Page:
Leona Gage (1939-2010)

October 8, 2010

Leona Gage, the tall brunette who played the title role of Morella in a segment in Roger Corman’s Tales of Terror, has died.  Gage was a minor movie ingenue, better known for having been Miss USA for a single day in 1957.  That story, and many others from Gage’s sad life, are told in this remarkably detailed profile by John Woestendiek.

Television?  Gage’s beauty pageant notoriety landed her a walk-on on The Ed Sullivan Show and a singing gig on The Steve Allen Show (she tanked), and then a dramatic role on the live daytime anthology Matinee Theater.  This was “Sunday in Sonora,” a western co-starring Marshall Thompson and Les Tremayne, and telecast on August 2, 1957.  It is probably lost.

Cloud Minder Girl

March 21, 2010

A few months ago, I watched an episode of Hawaii Five-O, “The Second Shot,” which guest-starred a little-known actress named Charlene Polite.  Who was this pretty redhead with the congenial name, I wondered, and whatever became of her?

She was born in Ohio, on June 30, 1943, and attended Youngstown University in the mid-sixties.  There she met and married the writer Frank Polite, who was probably one of her instructors.  Frank Polite, who died in 2005, became a poet of some renown and influence, especially in Ohio; of the many tributes to him that can be found on the internet, this is the best.

After graduating from Youngstown, Charlene Polite enjoyed some success in regional theater.  She went to the Pittsburgh Playhouse on a post-grad scholarship and joined the American Conservatory Theater, a company formed by the controversial young Off-Broadway director William Ball.  (Ball, a suicide in 1991, also passed briefly through television: He directed a couple of episodes of The Defenders.)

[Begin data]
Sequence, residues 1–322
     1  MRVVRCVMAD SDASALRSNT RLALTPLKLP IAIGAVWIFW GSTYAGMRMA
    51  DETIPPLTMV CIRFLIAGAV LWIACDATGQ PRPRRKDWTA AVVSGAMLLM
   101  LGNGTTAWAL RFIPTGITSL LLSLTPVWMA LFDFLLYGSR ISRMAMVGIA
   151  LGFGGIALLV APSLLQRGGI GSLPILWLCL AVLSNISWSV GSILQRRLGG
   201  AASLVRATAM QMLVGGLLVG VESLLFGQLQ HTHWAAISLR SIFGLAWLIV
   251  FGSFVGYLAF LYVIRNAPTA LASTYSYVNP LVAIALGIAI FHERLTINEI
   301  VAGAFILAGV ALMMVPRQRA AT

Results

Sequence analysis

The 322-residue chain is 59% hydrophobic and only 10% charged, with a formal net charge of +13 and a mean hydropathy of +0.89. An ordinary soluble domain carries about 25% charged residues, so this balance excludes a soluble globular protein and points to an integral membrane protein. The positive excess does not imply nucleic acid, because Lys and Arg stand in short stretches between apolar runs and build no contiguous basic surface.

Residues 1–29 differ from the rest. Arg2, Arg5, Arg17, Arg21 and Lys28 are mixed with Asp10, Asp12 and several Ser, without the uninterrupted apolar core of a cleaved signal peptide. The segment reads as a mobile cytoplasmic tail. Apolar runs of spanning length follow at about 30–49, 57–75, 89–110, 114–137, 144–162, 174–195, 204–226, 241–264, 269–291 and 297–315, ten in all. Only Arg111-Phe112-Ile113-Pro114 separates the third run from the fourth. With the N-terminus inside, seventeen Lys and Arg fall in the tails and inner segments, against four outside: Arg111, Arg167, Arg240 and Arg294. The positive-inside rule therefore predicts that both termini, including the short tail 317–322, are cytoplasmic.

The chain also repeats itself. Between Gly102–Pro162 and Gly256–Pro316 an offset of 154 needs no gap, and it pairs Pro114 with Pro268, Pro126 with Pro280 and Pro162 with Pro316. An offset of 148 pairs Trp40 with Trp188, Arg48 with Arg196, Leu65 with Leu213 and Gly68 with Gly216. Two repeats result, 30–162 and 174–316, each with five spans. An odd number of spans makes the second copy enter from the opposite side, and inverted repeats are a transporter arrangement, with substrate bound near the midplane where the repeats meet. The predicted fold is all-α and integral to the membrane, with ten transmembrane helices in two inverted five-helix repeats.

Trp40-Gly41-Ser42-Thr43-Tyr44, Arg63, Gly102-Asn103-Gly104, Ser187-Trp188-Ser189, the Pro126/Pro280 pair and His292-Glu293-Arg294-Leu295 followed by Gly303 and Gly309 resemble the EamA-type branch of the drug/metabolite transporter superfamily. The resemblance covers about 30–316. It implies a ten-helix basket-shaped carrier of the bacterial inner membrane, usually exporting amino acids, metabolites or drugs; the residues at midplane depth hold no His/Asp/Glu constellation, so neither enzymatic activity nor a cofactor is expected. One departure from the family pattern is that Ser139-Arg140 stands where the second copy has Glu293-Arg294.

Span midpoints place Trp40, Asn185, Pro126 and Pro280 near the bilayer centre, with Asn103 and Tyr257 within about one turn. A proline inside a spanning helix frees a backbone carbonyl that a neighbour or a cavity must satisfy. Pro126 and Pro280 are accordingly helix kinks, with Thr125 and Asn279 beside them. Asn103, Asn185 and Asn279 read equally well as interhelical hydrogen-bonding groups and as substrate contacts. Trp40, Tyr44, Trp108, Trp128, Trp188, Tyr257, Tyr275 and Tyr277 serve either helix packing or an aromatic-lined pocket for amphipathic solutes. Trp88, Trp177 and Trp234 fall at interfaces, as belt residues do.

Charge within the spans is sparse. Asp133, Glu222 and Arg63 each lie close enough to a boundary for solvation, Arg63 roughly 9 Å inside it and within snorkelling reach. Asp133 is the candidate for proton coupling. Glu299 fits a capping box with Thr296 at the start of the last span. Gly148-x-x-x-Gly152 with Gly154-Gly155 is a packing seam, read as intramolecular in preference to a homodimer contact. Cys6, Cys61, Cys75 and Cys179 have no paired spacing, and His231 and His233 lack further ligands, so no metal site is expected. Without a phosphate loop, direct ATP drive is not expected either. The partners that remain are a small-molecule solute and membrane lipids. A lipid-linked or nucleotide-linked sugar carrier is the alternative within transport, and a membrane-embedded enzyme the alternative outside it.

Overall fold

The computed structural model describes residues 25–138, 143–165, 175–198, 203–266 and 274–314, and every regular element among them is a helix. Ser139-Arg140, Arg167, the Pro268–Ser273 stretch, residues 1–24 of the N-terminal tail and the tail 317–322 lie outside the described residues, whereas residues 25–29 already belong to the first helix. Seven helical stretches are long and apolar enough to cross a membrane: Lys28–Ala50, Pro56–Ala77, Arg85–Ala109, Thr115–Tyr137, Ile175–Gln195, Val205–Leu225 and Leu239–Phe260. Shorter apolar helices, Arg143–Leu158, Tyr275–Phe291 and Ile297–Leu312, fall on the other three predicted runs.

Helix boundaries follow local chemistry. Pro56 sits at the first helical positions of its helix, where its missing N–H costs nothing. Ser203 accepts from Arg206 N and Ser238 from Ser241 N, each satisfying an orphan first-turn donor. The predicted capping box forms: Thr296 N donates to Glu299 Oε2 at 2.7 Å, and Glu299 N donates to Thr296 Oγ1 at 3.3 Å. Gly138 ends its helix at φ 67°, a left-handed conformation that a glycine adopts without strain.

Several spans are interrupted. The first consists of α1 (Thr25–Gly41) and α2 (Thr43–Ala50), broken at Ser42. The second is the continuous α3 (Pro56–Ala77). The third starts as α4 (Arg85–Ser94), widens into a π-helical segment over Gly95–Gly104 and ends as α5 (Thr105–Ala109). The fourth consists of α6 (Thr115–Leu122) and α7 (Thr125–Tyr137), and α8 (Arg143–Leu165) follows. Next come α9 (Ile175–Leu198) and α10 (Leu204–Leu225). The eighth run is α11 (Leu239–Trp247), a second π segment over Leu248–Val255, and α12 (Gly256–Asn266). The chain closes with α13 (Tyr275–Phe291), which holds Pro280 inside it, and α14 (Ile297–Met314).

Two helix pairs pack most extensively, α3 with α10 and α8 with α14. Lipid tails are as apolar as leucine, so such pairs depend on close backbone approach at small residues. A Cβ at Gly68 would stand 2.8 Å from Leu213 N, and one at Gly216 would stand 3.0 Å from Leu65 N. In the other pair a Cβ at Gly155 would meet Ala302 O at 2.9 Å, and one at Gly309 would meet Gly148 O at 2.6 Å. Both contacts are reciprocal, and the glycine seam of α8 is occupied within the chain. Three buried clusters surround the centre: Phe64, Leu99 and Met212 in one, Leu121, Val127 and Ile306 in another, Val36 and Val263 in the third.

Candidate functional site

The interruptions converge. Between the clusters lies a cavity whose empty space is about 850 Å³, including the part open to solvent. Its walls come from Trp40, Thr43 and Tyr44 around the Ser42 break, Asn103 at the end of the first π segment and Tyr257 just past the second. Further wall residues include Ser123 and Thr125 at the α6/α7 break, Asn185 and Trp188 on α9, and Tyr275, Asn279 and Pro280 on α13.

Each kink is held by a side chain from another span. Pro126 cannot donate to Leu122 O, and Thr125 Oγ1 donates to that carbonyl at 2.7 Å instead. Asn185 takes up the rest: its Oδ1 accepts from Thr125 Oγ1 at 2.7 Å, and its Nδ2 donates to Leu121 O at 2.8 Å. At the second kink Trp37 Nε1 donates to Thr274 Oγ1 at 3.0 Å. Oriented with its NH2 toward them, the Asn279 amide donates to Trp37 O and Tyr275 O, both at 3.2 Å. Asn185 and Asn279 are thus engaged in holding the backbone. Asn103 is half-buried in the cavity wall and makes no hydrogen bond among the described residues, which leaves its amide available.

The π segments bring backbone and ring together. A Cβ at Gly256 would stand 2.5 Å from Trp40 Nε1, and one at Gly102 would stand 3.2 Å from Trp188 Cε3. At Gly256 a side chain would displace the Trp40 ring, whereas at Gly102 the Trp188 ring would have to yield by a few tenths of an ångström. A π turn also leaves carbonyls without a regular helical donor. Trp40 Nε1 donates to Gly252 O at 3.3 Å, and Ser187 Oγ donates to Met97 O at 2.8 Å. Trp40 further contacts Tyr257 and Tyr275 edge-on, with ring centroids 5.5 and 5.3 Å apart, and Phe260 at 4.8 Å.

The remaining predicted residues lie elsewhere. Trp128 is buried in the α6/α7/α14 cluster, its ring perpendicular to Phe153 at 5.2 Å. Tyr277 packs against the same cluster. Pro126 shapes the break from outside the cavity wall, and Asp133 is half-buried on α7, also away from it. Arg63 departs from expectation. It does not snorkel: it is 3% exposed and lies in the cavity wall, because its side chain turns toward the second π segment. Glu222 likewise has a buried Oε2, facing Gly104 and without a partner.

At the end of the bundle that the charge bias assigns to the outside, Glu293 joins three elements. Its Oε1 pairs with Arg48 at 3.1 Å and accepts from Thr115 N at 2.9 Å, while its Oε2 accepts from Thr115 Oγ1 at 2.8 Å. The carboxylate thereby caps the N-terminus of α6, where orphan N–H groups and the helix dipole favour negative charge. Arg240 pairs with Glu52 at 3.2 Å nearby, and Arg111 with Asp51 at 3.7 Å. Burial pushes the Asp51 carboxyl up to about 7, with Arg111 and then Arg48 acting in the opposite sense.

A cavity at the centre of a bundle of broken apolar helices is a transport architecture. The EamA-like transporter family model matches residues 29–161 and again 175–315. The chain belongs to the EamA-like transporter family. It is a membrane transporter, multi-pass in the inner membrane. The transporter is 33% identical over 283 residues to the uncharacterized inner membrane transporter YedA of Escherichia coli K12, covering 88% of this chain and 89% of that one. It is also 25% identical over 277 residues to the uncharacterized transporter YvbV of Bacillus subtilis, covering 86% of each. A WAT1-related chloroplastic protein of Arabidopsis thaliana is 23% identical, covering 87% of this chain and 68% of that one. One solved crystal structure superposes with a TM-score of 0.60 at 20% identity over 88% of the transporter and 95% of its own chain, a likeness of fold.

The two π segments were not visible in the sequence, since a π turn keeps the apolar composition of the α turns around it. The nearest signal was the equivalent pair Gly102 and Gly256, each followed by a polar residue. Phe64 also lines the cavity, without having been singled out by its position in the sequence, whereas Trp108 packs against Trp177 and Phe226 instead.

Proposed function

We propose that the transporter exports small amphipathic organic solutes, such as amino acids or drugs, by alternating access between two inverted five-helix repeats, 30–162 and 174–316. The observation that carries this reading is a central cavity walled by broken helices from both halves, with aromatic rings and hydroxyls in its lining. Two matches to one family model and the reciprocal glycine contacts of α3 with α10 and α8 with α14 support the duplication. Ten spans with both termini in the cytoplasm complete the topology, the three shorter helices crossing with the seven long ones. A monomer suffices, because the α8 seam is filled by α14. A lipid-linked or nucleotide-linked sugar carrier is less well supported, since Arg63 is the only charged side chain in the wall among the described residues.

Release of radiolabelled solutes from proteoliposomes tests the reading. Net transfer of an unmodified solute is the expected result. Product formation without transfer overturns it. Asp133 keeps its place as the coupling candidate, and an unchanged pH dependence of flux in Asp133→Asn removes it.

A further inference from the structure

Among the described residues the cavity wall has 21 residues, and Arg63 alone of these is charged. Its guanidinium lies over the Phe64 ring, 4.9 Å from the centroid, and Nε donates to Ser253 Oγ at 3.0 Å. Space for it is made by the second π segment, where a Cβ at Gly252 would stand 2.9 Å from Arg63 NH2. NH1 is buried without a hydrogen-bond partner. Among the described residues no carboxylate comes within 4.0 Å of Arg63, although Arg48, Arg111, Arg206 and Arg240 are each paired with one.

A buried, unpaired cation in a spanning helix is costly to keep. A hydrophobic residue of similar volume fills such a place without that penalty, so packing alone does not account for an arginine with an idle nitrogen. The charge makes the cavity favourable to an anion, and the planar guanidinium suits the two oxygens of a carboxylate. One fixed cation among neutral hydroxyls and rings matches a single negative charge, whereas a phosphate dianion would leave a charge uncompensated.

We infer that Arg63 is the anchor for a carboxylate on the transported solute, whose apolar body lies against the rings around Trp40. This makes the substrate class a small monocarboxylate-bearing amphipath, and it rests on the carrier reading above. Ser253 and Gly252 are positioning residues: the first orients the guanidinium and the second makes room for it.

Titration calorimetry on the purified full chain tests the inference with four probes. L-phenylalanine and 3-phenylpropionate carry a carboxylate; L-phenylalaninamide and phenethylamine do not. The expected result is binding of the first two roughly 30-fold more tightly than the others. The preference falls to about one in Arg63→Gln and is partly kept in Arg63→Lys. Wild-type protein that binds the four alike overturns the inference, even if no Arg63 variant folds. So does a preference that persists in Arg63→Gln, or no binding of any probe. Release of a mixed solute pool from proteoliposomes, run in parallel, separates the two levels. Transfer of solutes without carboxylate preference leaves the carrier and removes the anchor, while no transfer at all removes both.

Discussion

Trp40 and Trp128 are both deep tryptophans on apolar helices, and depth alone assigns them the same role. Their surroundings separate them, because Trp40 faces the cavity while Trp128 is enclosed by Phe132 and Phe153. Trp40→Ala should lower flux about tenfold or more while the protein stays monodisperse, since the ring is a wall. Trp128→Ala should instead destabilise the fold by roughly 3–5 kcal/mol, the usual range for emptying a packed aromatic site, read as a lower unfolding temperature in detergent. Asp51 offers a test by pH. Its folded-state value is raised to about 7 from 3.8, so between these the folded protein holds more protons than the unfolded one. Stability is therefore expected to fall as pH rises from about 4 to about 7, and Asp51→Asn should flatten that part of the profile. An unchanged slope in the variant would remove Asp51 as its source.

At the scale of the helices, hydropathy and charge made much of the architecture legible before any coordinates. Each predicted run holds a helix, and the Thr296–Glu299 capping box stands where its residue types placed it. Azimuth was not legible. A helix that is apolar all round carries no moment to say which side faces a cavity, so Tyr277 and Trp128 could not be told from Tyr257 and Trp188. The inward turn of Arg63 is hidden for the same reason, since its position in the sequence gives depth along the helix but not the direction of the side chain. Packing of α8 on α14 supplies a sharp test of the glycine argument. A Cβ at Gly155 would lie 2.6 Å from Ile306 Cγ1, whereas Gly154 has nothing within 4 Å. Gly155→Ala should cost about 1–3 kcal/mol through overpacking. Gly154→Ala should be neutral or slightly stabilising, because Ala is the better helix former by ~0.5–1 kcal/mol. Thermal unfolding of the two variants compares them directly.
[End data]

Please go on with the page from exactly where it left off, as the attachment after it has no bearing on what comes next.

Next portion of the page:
Polite made her film debut in 1968, in Bullitt; she had already done some stage roles on the West Coast, and may have followed the ACT when Ball moved it from Pittsburgh to San Francisco in 1967.  By 1969, Polite had relocated to Los Angeles and was doing guest leads on shows like My Friend Tony, Mayberry R.F.D., Cannon, and The Doris Day Show.  Like many actors, she is best known today for a single appearance on Star Trek.

“The Cloud Minders,” a late entry in the show’s third and final season, is one of those well-intentioned but clumsy political allegories for which Star Trek became famous.  It’s the story of class warfare between a race of cave-dwelling miners and the privileged layabouts who oppress them from a cloud city floating far above the surface.  Sparks fly between Captain Kirk and the sexy rebel leader played by Polite, while Mr. Spock explains his seven-year mating cycle to the cloud city princess (Diana Ewing, another ingenue who had a busy career in the late sixties and early seventies and then disappeared completely).  As “Vanna,” Polite gets to grapple in the dirt with William Shatner (twice), show off a pair of Bill Theiss’s gravity-defying gowns, and shriek as she’s tortured in an alien ray machine.

*

Charlene Polite’s career in television lasted only a few years.  A Mod Squad in 1972 and then a Blue Knight in 1976 were her last jobs.  I couldn’t find much about what she did afterward; a second marriage, stepchildren, and possibly more work in local theater.

In the late nineties, Polite became ill and moved back to Youngstown to be close to her ex-husband.

“Charlene was like my Auntie Mame,” said Khepri Polite, a son of Frank Polite by his second wife.  “She was beautiful, extravagant, and eccentric.”

Khepri added, in a note to me via Facebook, that

my favorite line from her was from Star Trek, “You sleep lightly, Captain!” I remember when she would come to visit. She would stay with my father and step-mother. My father would creep into her room in the morning and wake her up with that line. He’d have a cup of coffee instead of a dagger in his hand though. We’d laugh, she had a great sense of humor.

Charlene Polite died of cancer on June 21, 1999.

Above: Charlene Polite in Star Trek (“The Cloud Minders,” 1969).  Top of post: Polite in Hawaii Five-O (“The Second Shot,” 1970).

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